1) with the spr to the south of Hellas. We have no other image than the one at LCM=260W out of Mo's images on 25 May that is comparable with the Mo images on 20 May (164Ls): Minutely the G and B images look different though roughly similar in R: The one-side evening area looks brighter on 25 May with other minor differences.
 
Mn already observed on 19 May (164Ls) that the evening side of the spr was brighter at LCM=248W and 258W, and it was the same on 20 May (164Ls) at LCM=249W and 259W: Mn regarded this as a part of the spc. On 19 May Mn also checked that after LCM=268W, another brighter part appeared from the morning limb. This corresponded directly to the spc/sph to the south of Hellas, the configuration being complicated however.
  At the following angles LCM=277W, 287W, 297W, we saw an off-white but not glittering protrusion northward from the
spr that separated also the spr bright part into two. Mo secured images on 18 May (163Ls) at LCM=283W, 292W, 302W, 311W, 324W, 329W, and on 19 May (164Ls) at LCM=283W, 293W, 303W, 313W, 324W, 333W, and those at LCM=283W and so on describe the off-white protrusion. So we can see the protrusion was already a deposit.

  Before 24 May, Mo has no image at the same angle, while on 17 May (163Ls) at LCM=291W, 301W, it is shown up. This phenomenon is interesting, and we may consider that a dust disturbance had occurred near the perimeter of the spc, and it already fell out on some portion of the spc to make it duller as well as on the southern part of Hellas to show a lighter trace of the protrusion. We will come back again to this problem later in a 2001 Note.

 

  We add that W.-L. TAN (WTn) in Singapore produced excellent images on 19 May (164Ls) at LCM=311W, and on 20 May (164Ls) at LCM=308W where the protrusion was shot. This is also clearly shown on Km's images on 17 May (163Ls) at LCM=182W, 289W, and on 18 May (163Ls)at LCM=238W, 301W. ISHADOH (Id) speculated on 23 May (166Ls) at LCM=292W that there might have been an influence of a dust cloud. We also note that Okinawa is the far west, so that Hg last observed the surface at the very angle LCM=281W on 25 May (167Ls) to be compared (Id further watched at LCM=292W on the day).

 

  3   Miscellany from Japan:

  As to the sph/spc at other regions, the part to the south of Argyre was thick and brighter at the beginning of this period as shown on 16 May (162Ls) by Km at LCM=324W, by Mo at LCM=337W, 341W, and by Id at LCM=010W, 020W. On 17 May (163Ls), Mn checked it at LCM=348W. At the end of the period on 28 May (169Ls) at LCM=193W, and on 31 May (171Ls) at LCM=174W, Km showed that the spc/sph looked brighter in general (Mo's B image shows well the brightness on 28 May at LCM=171W). Elysium looked light in the morning for example on Mo's R and G images on 28 May (169Ls) at LCM=171W, but we should note it is not shown on B, and so the morning Elysium is ground lit. On the afternoon of 20 May (164Ls) Mn however saw a slight small white spot inside Elysium at LCM=239W. On 24 May (167Ls) at LCM=223W and 233W, Id resolved it to consist of two small white spots.

  A bit about the dark markings: MURAKAMI (Mk) separated Yaonis Fr from M Serpentis on 17 May (App Diam=17.0"), and Id caught M Cimmerium completely on 24 May (App Diam=18.2"). Mo's images on 25 May and a good image by AKUTSU (Ak) on 29 May (169Ls) at LCM=206W show similarly M Cimmerium reminiscent of the aspect in 1986. Ak's series of images on 29 May (169Ls, phase angle=13) are excellent and interesting: Tharsis was thickly evident at the evening terminator at around LCM=127W, while Olympus Mons is now weak near the terminator as shown on the image at LCM=193W.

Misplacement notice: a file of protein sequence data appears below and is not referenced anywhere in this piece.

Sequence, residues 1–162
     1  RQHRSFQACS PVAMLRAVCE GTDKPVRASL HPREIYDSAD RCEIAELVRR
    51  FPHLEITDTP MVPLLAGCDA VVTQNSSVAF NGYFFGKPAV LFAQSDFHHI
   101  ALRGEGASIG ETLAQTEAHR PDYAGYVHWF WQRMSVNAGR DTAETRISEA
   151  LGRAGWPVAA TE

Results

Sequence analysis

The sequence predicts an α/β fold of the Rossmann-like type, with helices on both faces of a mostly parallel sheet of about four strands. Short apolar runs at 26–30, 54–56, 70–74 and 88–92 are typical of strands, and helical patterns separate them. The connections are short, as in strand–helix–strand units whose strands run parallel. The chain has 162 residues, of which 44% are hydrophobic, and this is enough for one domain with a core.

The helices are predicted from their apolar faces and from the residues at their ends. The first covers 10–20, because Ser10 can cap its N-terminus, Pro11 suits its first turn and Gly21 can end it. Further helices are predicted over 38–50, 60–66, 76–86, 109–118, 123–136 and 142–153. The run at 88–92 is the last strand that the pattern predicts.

4   Overseas Observations:

  Already on 17 May (163Ls) DPk produced excellent images at LCM=164W and at 194W where the orographic clouds at Tharsis and Olympus Mons are caught. Since DPk's B is quite exposed and so Olympus Mons is checked, but should be said quite weaker than before.

The DPk images on 18 May(163Ls, phase angle=21) at LCM=191W also show a weak Olympus Mons near the terminator. The images on 20 May (164Ls) at LCM=167W are just very enhanced to show both Tharsis and Olympus Mons. The Tharsis cloud will remain until much later, but the summit cloud of Olympus Mon will soon cease to be active.

 

  EGf's excellent images on 19 May (164Ls) at LCM=168W show a difference of the sph in B from the spc in IR light. The latter L channel image shows a zigzagged perimeter of the spc and frost-free but light Electris-Eridania. This spc corresponds to the brighter afternoon part of the spc we watched on the day. EGf's image also proves that M Sirenum remains of the same shape as in 1986. The L image seems also to show the inside detail beneath the Tharsis cloud.
  The images on 29 May (169Ls) at LCM=055W are also superb in the sense that it shows possible details of the fine structure. The
sph is thick (in B) to the south of Argyre, and it is shown that Argyre is almost now frost free. The snow line of the spc looks around at 52~55S.

 

Tom CAVE's Juvent Fons on 29 May at 9:35 GMT (above right)

     


NEWSFLASH:

 

As announced promptly by emails, Don PARKER (DPk), Tom DOBBINS (TDb) and others were successful in detecting the Sun-glint flashes from Edom several times on 7 and 8 June at the Florida Keys (see also LtE and CMO-Web; It was reported that on 7 June, the pulsations occurred from 6:40 GMT ( LCM=330W) to 7:20 GMT ( LCM=342W), and twice on 8 June from 7:00 GMT ( LCM=326W) to 7:20 GMT ( LCM=331W), and from 7:53 GMT ( LCM=339W) to 8:24 GMT ( LCM=347W)). Even if predicted, it is usually very difficult to continue the intensive watching of any small area, and so the campaign and the work at the Florida Keys are truly worthy of praise.


 

  In Japan, now the rainy days prevails. Usually (in average year), the rainy season starts from 6 June and end on 20 July in the central Japan, and hence there is not much possibility of us catching the biggest planet when it will be closest to the Earth on 21 June (182Ls). On the other hand, in Okinawa it usually starts from 8 May (this year it started on 6 May) and ends on 23 June. We so expect the observers in Okinawa lead this period in Japan.

  The next issue shall review the observations during a fortnight period from 1 June (171Ls) to 15 June 2001 (179Ls). Our CMO Web-Site has a Gallery Page where some new Mars images are flashed before our reviewing. We hope every CCD image is emailed in a jpg file with a file name beginning with the observer's name to vzv03210@nifty.com as well as to cmo@mars.dti.ne.jp. Drawings are preferred to be sent in an A4 sized format with just one drawing on one sheet.

 


Reports will be acknowledged if air-mailed to M MINAMI at Mikuni
(ask the mail-address through
vzv03210@nifty.com ) .